BEIJING’S TWO-PRONGED IRAQ POLICY

Publication: China Brief Volume: 5 Issue: 12

Since 2003, China has pursued a two-pronged Iraq policy of promoting Chinese interests while avoiding antagonizing the Untied States. On the one hand, this policy addresses concerns about oil and construction contracts and the desire to use the Iraq crisis to increase Chinese political influence in the Middle East. On the other, China has carefully avoided confrontation with the United States. This reflects pragmatic considerations of both China’s regional and global interests. Although China has so far been able to walk a fine line between pursuing its own interests and preserving a stable relationship with the U.S., such a balancing act may be hard to maintain.

Eyeing Oil and Reconstruction Contracts

China opposed American intervention in Iraq in 2003 partly because of its substantial economic interests there under Saddam Hussein’s regime. During the years before the war, Beijing actively pursued oil and construction contracts with Iraq under the UN Oil-for-Food program. From China’s perspective, a war in Iraq would substantially hurt Chinese interests since it would result in the loss of Iraqi contracts valued at over one billion U.S. dollars, which in turn would disrupt its oil supply and increase oil prices. To prepare for the disruption, China increased its purchases of oil in January 2003 by over two-thirds in comparison with the previous year, an important factor in China’s trade deficit in January 2003.

The American decision to invade also raised concerns among Chinese leaders and analysts that the strong influence of the United States in the Middle East would hinder China’s effort to access economic resources in the region. China’s repeated call for the return of sovereignty to the Iraqis reflects a deep anxiety concerning U.S. domination of Iraq’s economic resources.

China, like other prominent opponents of the war, jumped on the bandwagon of reconstruction after the war. Beijing’s pledge of $25 million and an agreement to forgive a large part of Iraq’s multi-billion dollar debt made China a significant donor to the country, but this generosity is not motivated by sheer goodwill. Chinese Deputy Foreign Minister Shen Guofang explicitly stated that China hoped to forgive some debt owed by Hussein’s regime in order to gain access to the bidding processes on big oil and infrastructure projects. [1]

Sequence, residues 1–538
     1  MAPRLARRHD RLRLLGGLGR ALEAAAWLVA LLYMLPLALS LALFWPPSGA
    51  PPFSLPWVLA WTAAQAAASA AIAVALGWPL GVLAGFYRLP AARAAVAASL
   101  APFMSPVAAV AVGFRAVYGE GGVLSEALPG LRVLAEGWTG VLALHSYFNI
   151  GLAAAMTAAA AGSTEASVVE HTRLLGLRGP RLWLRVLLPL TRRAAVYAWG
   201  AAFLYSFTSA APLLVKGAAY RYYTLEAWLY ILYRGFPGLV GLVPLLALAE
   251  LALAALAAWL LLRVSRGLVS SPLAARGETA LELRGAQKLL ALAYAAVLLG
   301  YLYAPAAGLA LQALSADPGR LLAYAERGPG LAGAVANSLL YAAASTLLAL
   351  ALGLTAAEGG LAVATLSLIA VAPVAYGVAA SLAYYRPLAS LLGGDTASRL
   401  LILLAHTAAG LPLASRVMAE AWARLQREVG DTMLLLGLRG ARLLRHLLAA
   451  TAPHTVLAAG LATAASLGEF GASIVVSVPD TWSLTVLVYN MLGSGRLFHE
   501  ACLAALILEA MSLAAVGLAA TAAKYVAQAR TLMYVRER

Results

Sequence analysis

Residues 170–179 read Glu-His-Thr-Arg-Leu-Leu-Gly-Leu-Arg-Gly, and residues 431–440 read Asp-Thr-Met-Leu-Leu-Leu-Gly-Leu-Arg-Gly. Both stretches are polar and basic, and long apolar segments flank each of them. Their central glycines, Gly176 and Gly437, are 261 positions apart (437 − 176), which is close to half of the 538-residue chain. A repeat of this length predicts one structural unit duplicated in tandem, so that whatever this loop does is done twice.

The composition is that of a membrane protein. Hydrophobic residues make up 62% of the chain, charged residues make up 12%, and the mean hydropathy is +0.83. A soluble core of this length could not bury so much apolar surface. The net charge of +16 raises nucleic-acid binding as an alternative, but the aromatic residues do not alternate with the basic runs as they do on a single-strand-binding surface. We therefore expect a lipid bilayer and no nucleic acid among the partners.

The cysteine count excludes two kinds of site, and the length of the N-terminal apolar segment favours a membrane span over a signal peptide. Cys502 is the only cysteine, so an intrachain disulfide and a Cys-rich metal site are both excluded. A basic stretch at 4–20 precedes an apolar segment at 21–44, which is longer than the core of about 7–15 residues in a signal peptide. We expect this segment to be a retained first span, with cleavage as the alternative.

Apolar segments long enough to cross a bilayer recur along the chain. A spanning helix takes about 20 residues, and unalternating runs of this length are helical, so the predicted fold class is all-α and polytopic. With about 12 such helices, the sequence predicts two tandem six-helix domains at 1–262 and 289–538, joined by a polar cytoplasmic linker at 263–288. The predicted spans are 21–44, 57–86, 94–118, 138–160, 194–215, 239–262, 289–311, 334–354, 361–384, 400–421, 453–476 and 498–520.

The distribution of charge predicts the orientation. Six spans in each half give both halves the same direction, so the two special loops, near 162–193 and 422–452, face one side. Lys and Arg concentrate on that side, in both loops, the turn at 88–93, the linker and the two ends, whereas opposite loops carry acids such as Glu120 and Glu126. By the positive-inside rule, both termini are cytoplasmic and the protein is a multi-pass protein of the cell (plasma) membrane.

Desire to do business in Iraq has contributed to intensified efforts towards improving relations with the new Iraqi authority. The Chinese embassy in Baghdad reopened less than two weeks after the transfer of authority to the Iraqi interim government in June 2004. China offered material assistance for the January election, provided fellowships for Iraqi students to study in China, and is helping to train a small number of Iraqi technicians, management personnel, and diplomats. For example on April 1, 2005, 21 Iraqi diplomats were funded by the Chinese government to start their month long training program at China Foreign Affairs University. In conversations with visiting leaders of the Iraqi Interim government, Chinese leaders are open about their wish to gain reconstruction contracts. Chinese diplomats in Baghdad charged with reestablishing the Chinese embassy indicated that assisting Chinese companies to gain reconstruction contracts was one of their main goals. [2]

Promoting Chinese Political Influence in the Middle East

Aside from economic interests, China had strategic interests as well for not supporting an American invasion of Iraq. Interest in the region’s resources has led China to seek greater visibility in the Middle East in recent years. To signal its intention to become more active in regional affairs, China appointed its first Middle East peace envoy in September 2002. Given its limited means, China’s new activism in the Middle East is characterized by a reliance on multilateral mechanisms such as the United Nations. The war in Iraq gave China an opportunity to exploit its status as a permanent member of the UN Security Council to promote its influence in the region.

In contrast to its usual inactivity in the United Nations on Middle Eastern affairs, since the beginning of the Iraq crisis, China has engaged in a flurry of activity. In early 2003, the Chinese Foreign Minister Tang Jiaxuan flew to UN headquarters in New York four times to lobby for a political solution to the Iraq problem. Most significantly, on May 26, 2004, China submitted to the Security Council an “unofficial document,” offering Chinese views on how to revise a draft resolution proposed by the U.S. and the UK. This marked an unprecedented move by Beijing to seek a more visible role on Middle Eastern affairs. In this document, China proposed that the U.S.-led multinational force withdraw from Iraq in January 2005. Even though Resolution 1546 did not adopt this suggestion, Beijing believes that its document contributed to the resolution’s terms about full Iraqi sovereignty over its resources and security matters. [3] Moreover, China has consistently called for a larger UN role in Iraq, both with regard to WMDs and reconstruction efforts. From China’s perspective, a more prominent UN role would not only limit American power in the region, but it would also give China more leverage in dealing with the new Iraqi authority.